The degree to which Verona and Burt's relationship feels real and unforced is matched by the degree to which all of their family, friends, and acquaintances are outlandish caricatures. As they seek a home and a permanent place in the world, bouncing from city to city and family to family testing the waters, we see them exposed to every stereotype out there — this disinterested parents, the earth-mother parents, the bitter and spiteful parents, the adoptive p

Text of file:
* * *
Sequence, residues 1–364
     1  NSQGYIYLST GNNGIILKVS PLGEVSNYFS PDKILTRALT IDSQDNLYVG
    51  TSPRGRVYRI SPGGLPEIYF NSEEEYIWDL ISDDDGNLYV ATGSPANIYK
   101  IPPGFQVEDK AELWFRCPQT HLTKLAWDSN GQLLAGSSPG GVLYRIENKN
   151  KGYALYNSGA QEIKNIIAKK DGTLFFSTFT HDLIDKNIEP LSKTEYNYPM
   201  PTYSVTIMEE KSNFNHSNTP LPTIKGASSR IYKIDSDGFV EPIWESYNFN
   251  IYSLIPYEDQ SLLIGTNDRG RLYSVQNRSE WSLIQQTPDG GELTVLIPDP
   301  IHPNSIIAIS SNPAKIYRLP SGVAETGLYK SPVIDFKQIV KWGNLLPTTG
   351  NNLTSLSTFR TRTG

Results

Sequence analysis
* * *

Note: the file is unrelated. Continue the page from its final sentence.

arents, the split parents. At first this bothered me. When you get big stars to come in a do a cameo of a broad stereotype, you end up with something intensely funny but not exactly ... real. It seemed to me like it was spoiling the movie I wanted. But by the end, I felt like it could be no other way. What we are seeing are Verona and Burt's perception of other people's parenting styles and life choices. Anything that doesn't feel right to them, that doesn't seem like the life they want, has a tinge of repulsiveness to it. This feels completely right to me, completely real. For me at least, once I've made a decision as to where I want to live, what I want to read and watch, where or how I want to worship, how I want to be a husband and father, every other choice out there just feels weird somehow. (Until, of course, I change my mind.) I don't hold different choices against people, and neither do Verona and Burt, but the process of finding yourself is a lot of trial and error, a lot of pushing away and stripping away alternate options by process of one's gut reactions. Their journey is one of these gut reactions.